On offense, BC’s red zone offense is slightly below average. The Eagles rank 8th in the conference and 69th in the nation with a scoring rate of 84.2%. However, once again, we need to drill down into the numbers. Again, in games where Phil Jurkovec played the majority of the snaps (Colgate, Virginia Tech, and Georgia Tech), BC is perfect in the red zone (12-12). In the four ACC games without Jurkovec, the Eagles only scored on 61.5% of their drives. On offense, the Eagles may need to find ways to score from outside the red zone, something they had no trouble with last week against Georgia Tech. But even if they do get into the red zone, with Jurkovec back under center, I would not be too concerned.

Get Grant Going

Obviously, BC fans don’t want to see their punter very much in any game. But for the first few weeks of the season, Grant Carlson provided Boston College with a significant weapon. Through the first five games, Carlson averaged a hangtime of 3.98. But through the last five weeks, that number fell to 3.62. That .36 seconds may not seem like that much but you can also see how his yardage has dropped. In the first five weeks, Carlson averaged 45.72 yards per punt; in the previous five, only 42.96. These decreased numbers are also allowing punt returners to get more yardage on punt returns. In the first five weeks, on returned punts, BC only allowed about seven yards per return but in the last five, that number has more than doubled, going up to 18.4 yards per return.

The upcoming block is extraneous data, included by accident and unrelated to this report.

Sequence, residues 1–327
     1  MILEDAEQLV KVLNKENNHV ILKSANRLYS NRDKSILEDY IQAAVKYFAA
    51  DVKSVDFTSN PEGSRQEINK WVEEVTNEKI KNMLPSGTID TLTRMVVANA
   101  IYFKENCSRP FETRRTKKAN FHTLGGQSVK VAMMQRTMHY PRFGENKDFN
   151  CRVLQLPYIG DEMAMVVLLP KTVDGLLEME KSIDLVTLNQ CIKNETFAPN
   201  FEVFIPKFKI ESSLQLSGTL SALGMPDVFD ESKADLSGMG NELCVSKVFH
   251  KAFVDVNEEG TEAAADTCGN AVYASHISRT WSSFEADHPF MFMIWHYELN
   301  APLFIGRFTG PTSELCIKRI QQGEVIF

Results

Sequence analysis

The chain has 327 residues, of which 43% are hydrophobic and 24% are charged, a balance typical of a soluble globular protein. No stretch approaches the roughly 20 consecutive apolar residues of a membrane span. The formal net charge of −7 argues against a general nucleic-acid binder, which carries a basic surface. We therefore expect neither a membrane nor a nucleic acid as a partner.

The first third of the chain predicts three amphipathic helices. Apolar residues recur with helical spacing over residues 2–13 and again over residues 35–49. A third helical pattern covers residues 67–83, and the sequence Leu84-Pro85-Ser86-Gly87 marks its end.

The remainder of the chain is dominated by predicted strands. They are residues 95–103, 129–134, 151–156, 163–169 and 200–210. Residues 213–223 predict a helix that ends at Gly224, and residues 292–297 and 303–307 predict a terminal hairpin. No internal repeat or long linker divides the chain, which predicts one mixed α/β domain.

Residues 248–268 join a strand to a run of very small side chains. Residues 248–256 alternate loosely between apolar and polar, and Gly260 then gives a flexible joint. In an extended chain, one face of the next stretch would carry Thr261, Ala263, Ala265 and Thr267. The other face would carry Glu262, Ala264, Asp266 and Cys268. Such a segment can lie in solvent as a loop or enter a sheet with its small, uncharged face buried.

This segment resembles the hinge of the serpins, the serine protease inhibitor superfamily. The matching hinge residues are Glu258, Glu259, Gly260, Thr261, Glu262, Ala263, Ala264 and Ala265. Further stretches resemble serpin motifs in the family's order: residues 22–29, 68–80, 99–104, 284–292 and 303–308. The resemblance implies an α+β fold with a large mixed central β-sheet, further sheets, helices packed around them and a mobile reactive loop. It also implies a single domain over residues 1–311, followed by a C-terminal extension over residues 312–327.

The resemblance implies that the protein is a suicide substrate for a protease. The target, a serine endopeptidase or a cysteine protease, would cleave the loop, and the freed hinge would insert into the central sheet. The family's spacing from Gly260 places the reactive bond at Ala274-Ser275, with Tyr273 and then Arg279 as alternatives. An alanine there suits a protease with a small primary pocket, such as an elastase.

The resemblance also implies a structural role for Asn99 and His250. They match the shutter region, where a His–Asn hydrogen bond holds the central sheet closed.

Luckily for the Eagles, Florida State is abysmal at returning punts. The Seminoles are dead last in the ACC in punt return yards (60) and average (4.0). This ranks 121st in the FBS and is the third-worst among Power Five schools. Part of the breakdown in special teams could be because more backup players are being forced into action due to injuries. But this game should be a good time to reset and get the punting game back on track. The team is back home and it’s going to be cold (low-40s/high-30s) and dry so the ball should fly through the air easily. Through the first half of the season, Grant Carlson was putting together the best year of his career; let’s hope he rebounds and returns to that form against Florida State.